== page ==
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Hong Kong’s best home-grown skate brands

By Alisa Chau 3 November 2020

Header image courtesy of @localhoodskateboard (via Instagram)

In recent years—with the opening of the skate parks in Tseung Kwan O, Lai Chi Kok, and Tsz Wan Shan—skateboarding has begun to gain popularity amongst Hongkongers. What better way to drop in a bowl than to do it in style? Here is a list of local skate brands that you should check out.

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Victoria

Victoria is a brand with designs that draw inspiration from the eclectic mix of East-meets-West and vintage-meets-modern influences that make up Hong Kong’s unique aesthetics. Victoria also hosts events, art shows, and skate trips that connect the Asian creative and skate networks. Their simplistic, unisex silhouettes are a great choice for a clean, put-together look. Shop Victoria online or at one of their stockists.

Photo credit: @gahyaoclothing (via Instagram)

Gahyao Clothing

Inspired by the “can-do” spirit he encountered during his time in Hong Kong in the late 1990s, Anton Pelayo founded Gahyao Clothing as a homage to the street-skate culture of that era. Gahyao Clothing offers quality t-shirts and caps that are as stylish as they are comfortable to wear. Their first-edition deck, Monkey Hugs ($350), shows the bold graffiti design that encapsulates Gahyao’s major influences. Have a look at one of their stockists or buy directly from their website.

8Five2

Established by Julius Brian Siswojo in 1999, 8Five2 was one of the first retailers to introduce authentic skate brands to Hong Kong. Boasting numerous collaborations with various artists and brands over the years—from local photographer Wing Shya to the world-famous Carharrt and Thrasher—8Five2 pushes the boundaries of Hong Kong skate culture by merging it with internationally renowned labels. You can buy online from their website or visit their physical shop in Causeway Bay to browse the collection in person.

8Five2, 1/F, 522 Jaffe Road, Causeway Bay | (+852) 2573 9872

Keep scrolling for the rest of the list 👇

Photo: @fan_xing (via Instagram)

Ninepush

Full of references to pop culture and well-known local elements, Ninepush presents a cheeky sense of humour to its deck designs. Its scratchy hand-drawn logo is a visual indicator of the brand’s carefree style, a parallel to the chilled-out attitude of an archetypal skater. Keep up with their skating skits on Instagram and browse their deck collection at the Fanling Skate Shop.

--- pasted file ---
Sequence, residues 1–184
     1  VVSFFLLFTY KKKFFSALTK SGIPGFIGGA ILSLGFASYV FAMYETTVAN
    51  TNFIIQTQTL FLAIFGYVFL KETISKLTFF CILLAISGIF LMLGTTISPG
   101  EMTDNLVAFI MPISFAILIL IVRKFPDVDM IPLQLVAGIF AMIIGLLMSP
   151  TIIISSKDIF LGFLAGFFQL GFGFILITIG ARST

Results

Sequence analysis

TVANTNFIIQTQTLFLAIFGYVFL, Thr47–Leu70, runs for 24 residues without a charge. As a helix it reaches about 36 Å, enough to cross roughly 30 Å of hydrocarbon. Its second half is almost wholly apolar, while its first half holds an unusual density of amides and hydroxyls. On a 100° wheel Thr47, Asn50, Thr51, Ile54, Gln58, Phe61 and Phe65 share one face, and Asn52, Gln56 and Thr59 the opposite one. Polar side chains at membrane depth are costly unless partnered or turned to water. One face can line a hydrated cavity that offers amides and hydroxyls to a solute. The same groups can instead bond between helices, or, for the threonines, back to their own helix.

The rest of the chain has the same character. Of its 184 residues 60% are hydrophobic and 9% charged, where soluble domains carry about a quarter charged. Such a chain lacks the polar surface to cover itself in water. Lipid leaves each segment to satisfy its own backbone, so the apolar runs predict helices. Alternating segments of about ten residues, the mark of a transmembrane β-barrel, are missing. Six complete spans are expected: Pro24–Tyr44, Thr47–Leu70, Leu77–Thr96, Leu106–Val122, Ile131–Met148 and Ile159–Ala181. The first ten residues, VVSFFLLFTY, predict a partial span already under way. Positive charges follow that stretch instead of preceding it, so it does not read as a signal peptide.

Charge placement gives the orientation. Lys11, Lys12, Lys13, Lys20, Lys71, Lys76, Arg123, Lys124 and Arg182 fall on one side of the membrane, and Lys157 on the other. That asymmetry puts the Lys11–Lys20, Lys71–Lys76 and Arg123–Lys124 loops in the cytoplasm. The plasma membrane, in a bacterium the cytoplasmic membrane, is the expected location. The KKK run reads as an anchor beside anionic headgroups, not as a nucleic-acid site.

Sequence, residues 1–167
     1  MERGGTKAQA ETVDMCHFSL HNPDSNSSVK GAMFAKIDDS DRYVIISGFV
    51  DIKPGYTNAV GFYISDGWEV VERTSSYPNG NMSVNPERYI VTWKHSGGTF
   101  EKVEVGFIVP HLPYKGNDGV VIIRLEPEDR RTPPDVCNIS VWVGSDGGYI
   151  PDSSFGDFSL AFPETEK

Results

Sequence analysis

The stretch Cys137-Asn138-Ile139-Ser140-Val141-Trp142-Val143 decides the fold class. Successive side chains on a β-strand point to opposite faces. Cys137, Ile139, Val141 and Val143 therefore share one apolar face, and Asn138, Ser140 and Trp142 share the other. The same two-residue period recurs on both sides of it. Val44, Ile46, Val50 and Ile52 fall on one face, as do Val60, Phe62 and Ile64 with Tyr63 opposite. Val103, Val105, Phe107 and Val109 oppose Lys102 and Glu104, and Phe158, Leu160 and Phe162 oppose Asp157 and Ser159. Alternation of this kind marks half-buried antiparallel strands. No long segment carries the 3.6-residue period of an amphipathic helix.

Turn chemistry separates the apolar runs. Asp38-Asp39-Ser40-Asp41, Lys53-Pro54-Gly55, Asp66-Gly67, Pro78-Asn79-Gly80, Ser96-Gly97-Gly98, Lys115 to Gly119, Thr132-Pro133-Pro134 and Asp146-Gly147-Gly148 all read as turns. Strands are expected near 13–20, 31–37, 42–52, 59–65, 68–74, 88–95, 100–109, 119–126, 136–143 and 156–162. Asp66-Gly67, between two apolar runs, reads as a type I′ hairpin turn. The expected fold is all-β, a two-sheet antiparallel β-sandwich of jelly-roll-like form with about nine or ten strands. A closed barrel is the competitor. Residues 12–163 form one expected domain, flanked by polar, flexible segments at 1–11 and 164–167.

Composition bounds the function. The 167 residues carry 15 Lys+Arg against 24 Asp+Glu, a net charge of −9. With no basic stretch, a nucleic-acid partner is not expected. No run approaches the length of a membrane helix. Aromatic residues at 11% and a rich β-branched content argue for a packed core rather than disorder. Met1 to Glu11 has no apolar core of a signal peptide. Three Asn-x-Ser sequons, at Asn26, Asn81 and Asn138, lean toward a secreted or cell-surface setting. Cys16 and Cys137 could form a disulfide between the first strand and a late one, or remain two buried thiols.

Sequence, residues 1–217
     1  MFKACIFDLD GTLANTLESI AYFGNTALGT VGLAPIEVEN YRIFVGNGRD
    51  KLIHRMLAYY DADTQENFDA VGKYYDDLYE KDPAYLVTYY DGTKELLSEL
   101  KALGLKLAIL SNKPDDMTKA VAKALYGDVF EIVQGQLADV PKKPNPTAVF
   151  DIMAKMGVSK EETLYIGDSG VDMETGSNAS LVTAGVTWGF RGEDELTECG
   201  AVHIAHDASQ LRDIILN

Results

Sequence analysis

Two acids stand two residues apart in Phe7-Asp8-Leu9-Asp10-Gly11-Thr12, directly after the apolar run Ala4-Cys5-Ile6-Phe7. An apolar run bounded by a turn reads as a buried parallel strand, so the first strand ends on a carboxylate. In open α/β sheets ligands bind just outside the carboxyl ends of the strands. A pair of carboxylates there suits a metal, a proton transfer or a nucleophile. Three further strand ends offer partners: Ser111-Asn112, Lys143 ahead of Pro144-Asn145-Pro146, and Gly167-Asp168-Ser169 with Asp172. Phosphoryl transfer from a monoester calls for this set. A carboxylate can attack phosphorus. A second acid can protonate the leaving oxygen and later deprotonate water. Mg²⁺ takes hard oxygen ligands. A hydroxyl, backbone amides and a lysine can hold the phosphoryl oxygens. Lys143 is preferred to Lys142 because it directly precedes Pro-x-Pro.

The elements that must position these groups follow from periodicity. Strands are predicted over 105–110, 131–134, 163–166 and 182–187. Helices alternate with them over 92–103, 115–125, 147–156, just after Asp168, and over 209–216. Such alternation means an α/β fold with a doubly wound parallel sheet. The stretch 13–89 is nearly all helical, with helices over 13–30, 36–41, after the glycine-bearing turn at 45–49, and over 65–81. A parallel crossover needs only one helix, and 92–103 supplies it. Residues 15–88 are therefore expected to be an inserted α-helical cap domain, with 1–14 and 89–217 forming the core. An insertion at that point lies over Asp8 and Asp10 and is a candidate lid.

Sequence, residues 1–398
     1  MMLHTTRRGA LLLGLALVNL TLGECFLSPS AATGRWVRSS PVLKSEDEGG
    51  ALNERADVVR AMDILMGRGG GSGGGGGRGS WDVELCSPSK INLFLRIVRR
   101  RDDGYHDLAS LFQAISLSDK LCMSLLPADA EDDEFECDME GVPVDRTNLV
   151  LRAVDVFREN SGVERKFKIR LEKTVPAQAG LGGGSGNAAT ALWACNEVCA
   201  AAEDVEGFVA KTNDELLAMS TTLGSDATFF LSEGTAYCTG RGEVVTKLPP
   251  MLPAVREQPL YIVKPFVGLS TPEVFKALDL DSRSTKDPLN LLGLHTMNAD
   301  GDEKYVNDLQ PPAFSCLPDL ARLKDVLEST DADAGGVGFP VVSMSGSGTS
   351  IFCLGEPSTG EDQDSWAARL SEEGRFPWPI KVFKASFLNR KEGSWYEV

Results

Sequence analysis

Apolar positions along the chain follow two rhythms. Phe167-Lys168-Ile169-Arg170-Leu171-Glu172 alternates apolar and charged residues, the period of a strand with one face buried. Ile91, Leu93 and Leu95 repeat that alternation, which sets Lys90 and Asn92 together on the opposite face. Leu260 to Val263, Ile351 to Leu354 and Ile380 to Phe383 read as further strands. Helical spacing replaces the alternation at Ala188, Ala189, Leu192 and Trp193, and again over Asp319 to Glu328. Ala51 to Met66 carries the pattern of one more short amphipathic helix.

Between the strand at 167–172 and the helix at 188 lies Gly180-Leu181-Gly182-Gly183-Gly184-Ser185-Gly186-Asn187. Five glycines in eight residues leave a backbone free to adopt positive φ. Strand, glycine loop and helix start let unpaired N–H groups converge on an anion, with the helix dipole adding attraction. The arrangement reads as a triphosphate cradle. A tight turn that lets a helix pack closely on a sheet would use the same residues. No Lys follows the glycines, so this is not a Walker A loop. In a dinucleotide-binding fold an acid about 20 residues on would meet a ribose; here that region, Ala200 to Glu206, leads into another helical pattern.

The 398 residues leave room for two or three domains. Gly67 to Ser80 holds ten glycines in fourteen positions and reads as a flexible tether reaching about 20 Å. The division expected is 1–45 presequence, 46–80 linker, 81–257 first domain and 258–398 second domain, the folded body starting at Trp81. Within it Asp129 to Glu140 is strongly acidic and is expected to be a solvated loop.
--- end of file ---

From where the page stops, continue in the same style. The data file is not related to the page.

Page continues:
PDZC Skate Shop (拍打直斬)

Locally designed and locally based, PDZC Skate Shop is a small independent brand that sells quality decks with set-up parts included. Newly launched in May of this year, “Straight outta Hong Kong” is their motto, and by their featuring the iconic red-white-blue nylon bag pattern in the first deck release, PDZC does just that. Give them a follow on Instagram to stay tuned on their restocks and upcoming collections.

Photo credit: @localhoodskateboard (via Instagram)

Local Hood Skate Shop

Local Hood Skate Shop incorporates surrealistic graphics and rich, saturated colours into its designs. Its Love board infuses computer-generated graphics from the Y2K period with fantastical traditional Chinese-style details. The brand’s founders have worked with Fanling Skate Shop, and their decks can be purchased at the shop site or found at the physical store.

Keep scrolling for the rest of the list 👇

Photo credit: @fanlingskateshop (via Instagram)

Fanling Skate Shop (粉嶺滑板店)

The Fanling Skate Shop is an unmissable spot for those who have swung by the skatepark near On Luk Street playground. Having sponsored multiple local pro-skateboarders and the Northern District-based SBC skate crew, the brand has been a huge force in pushing skate culture in Hong Kong. The store is a paradise for beginners and pro-skaters alike, with a mini-ramp and flat bar inside the shop location for rookies to break in their new board and for experts to grind when it’s raining outside.

Fanling Skate Shop, Flat J, 5/F, Good Harvest Centre, 33 On Chuen Street, Fanling | (+852) 6855 0751

Photo credit: @hickculture (Instagram)

Hick Culture (大香里)

Evocative of Keith Haring’s “Free Figuration” drawing style, designs by Hick Culture (大香里) remain minimal yet playful. Its bright colours and swirling lines give a warm feeling to the pieces that hearken back to the vintage vibes of the 1970s, with an injection of visual cues—such as the broad straw hat of the logomark—that highlight the “fragrant harbour” inspiration that this Hong Kong brand is rooted in. Take a look at their small-batch, screen-printed collection on Instagram and follow them for more information on their next drop.

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Alisa Chau

Contributor

Always down for an adventure, Alisa’s general approach to life (and anything, really) is to “just go with the flow.” She believes that the most unforgettable moments are the most spontaneous ones. One thing she will always be certain of, however, is her love for the band My Chemical Romance and potato-based food.

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